Israel Allows Some Gaza Exports, One Month After Truce

GAZA/TEL AVIV (Reuters) —
A Palestinian police officer gestures as he stands next to a truck carrying clothes for export at the Kerem Shalom crossing in Rafah in the southern Gaza Strip, Monday. (Reuters/Ibraheem Abu Mustafa)

Israel allowed a limited resumption of commercial exports from the Gaza Strip on Monday in what it called a “conditional” measure one month after a truce halted 11 days of fighting with the Palestinian enclave’s Hamas rulers.

Gaza border officials said the easing of Israeli restrictions would last two to three days and would apply to agricultural goods and some textiles.

Israel keeps tight control over Gaza crossings, with support from neighboring Egypt, citing threats from Hamas. The Israeli restrictions were intensified during the May fighting, effectively halting all exports.

But with the Egyptian-mediated ceasefire largely holding, Israel said some exports would be allowed out through its territory as of Monday morning.

“Following a security evaluation, a decision has been made for the first time since the end of [the fighting] to enable … [the] limited export of agricultural produce from the Gaza Strip,” COGAT, a branch of Israel‘s Defense Ministry, said.

COGAT said the measure was approved by Prime Minister Naftali Bennett’s government and was “conditional upon the preservation of security stability.”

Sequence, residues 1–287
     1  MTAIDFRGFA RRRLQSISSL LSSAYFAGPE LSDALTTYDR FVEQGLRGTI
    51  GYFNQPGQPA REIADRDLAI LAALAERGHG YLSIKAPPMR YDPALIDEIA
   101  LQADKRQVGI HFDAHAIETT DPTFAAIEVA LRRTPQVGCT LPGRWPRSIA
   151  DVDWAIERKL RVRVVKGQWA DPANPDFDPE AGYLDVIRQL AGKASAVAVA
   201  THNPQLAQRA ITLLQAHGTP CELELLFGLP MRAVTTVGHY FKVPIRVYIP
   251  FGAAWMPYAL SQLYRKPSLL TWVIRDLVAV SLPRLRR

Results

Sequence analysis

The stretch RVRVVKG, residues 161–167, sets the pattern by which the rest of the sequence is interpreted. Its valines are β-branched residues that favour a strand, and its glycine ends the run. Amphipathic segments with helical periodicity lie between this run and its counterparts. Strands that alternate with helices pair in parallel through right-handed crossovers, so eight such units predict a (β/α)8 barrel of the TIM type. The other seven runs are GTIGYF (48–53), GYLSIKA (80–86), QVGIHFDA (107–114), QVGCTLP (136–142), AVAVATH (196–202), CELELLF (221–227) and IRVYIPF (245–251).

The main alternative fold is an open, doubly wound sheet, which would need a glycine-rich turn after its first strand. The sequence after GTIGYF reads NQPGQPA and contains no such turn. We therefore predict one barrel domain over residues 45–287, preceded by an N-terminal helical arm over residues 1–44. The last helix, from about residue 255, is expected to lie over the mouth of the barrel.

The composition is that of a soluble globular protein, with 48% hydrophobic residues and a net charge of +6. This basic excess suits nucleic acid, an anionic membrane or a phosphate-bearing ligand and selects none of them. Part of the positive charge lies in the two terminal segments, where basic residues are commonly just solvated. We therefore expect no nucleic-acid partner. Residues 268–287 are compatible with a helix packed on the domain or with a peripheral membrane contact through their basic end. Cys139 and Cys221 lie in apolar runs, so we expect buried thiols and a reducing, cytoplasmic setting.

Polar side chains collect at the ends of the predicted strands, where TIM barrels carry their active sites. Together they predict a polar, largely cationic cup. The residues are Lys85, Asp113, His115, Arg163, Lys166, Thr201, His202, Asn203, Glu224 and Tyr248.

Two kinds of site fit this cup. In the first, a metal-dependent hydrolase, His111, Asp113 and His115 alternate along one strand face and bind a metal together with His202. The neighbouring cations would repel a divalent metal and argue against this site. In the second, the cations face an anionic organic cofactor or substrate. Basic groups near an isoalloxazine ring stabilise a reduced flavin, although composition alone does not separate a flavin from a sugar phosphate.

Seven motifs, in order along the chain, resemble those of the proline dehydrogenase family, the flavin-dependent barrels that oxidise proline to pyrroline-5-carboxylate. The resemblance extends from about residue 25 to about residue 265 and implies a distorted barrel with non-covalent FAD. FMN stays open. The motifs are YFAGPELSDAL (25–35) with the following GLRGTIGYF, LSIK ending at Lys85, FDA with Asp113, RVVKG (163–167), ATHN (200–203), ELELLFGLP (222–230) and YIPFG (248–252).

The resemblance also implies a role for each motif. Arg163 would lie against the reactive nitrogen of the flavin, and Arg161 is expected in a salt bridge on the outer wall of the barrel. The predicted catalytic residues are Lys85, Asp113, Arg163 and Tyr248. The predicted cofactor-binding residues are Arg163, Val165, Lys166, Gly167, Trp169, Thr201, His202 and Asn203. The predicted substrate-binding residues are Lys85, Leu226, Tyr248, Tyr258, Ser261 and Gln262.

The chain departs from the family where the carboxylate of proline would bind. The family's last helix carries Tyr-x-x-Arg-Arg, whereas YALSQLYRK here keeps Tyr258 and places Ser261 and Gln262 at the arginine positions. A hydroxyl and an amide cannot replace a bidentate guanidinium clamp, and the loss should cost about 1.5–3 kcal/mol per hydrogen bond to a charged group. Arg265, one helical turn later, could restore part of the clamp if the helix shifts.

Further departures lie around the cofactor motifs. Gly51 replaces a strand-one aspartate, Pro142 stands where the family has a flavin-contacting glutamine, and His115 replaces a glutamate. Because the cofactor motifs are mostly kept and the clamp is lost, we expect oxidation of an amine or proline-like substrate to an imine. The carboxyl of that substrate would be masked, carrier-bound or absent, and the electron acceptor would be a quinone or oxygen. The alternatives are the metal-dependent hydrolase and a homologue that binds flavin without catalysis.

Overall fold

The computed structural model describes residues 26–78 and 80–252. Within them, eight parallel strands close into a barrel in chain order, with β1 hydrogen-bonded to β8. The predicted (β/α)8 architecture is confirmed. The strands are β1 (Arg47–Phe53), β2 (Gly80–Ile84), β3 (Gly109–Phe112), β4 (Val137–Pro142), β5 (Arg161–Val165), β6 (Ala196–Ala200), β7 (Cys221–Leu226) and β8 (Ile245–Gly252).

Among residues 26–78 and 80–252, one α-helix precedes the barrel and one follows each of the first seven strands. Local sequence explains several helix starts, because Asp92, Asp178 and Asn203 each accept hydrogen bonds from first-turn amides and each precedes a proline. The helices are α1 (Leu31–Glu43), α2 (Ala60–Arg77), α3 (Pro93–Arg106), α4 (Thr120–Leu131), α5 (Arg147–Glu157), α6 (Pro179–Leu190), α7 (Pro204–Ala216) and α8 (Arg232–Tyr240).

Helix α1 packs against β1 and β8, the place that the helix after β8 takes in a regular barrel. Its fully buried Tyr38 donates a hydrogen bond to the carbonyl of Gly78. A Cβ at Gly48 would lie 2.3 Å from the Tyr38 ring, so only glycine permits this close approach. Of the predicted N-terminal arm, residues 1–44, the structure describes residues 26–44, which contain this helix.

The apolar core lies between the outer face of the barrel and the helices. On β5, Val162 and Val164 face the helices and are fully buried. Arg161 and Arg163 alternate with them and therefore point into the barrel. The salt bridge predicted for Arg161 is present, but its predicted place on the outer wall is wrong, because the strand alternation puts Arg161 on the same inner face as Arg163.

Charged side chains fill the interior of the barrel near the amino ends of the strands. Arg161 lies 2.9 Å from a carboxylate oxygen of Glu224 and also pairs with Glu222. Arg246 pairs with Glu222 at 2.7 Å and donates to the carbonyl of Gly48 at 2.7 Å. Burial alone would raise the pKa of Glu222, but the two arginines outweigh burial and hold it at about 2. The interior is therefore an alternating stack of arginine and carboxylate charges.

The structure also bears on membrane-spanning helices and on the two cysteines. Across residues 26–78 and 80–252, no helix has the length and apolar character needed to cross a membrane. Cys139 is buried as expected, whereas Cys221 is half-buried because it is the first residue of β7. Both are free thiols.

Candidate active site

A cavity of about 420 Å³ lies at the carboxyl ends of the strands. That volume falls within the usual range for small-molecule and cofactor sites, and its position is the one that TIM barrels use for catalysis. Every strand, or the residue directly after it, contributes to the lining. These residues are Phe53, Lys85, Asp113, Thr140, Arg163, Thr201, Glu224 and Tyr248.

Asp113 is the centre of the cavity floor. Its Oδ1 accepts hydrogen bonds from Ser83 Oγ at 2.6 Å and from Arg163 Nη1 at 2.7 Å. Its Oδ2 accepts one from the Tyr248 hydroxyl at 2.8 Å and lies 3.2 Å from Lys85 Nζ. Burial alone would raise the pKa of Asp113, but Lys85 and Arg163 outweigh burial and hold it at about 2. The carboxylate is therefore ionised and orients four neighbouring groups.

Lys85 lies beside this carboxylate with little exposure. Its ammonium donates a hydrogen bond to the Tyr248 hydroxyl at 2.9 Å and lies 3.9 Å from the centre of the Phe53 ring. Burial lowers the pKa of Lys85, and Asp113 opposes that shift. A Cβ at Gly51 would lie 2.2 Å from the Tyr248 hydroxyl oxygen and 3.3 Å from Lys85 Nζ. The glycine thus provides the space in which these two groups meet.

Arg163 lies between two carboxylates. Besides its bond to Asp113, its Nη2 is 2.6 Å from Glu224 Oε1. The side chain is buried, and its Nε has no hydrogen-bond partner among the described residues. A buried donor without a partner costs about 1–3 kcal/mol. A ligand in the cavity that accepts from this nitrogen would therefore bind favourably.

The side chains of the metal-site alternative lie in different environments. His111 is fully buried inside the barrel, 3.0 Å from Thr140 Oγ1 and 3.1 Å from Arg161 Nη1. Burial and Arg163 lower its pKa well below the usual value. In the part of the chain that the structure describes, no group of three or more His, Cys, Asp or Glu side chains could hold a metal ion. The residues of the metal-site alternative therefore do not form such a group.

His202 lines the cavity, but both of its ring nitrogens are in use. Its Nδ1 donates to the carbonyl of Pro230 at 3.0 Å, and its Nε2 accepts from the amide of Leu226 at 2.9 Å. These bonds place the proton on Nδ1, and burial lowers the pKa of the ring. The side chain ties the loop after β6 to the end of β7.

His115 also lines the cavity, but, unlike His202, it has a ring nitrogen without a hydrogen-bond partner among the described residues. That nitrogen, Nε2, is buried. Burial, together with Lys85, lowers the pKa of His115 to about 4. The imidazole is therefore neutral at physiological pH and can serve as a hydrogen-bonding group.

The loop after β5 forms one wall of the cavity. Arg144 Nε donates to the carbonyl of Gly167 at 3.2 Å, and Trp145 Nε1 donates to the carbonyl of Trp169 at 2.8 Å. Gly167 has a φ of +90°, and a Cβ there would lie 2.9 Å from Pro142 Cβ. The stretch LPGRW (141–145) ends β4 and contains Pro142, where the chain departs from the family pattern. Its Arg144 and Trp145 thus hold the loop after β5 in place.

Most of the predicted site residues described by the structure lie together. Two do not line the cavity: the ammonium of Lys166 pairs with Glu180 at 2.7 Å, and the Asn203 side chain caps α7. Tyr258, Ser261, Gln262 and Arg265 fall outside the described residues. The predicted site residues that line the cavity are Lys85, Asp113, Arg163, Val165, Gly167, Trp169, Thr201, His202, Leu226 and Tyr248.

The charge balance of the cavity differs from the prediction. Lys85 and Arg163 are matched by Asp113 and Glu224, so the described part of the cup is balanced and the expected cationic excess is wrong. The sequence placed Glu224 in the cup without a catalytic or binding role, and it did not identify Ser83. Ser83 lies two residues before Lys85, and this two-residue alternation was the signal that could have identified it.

Egypt stepped up its Israel-Hamas mediation last week after incendiary balloons launched from Gaza drew retaliatory Israeli airstrikes on Hamas sites, challenging the fragile ceasefire.

But with that flare-up having ebbed since early Friday, some workers in Gaza voiced hope that the easing of Israeli restrictions would last, and potentially be expanded. Some 10,000 people in Gaza work in textiles.

“This could be a start… today we exported clothing, and tomorrow, maybe something else,” said Gaza truck driver Ismail Abu Suleiman, 55, who transports export-bound goods to Israel‘s Kerem Shalom border crossing.

Gaza’s Agriculture Ministry said farmers had lost $16 million due to the restrictions on exports.

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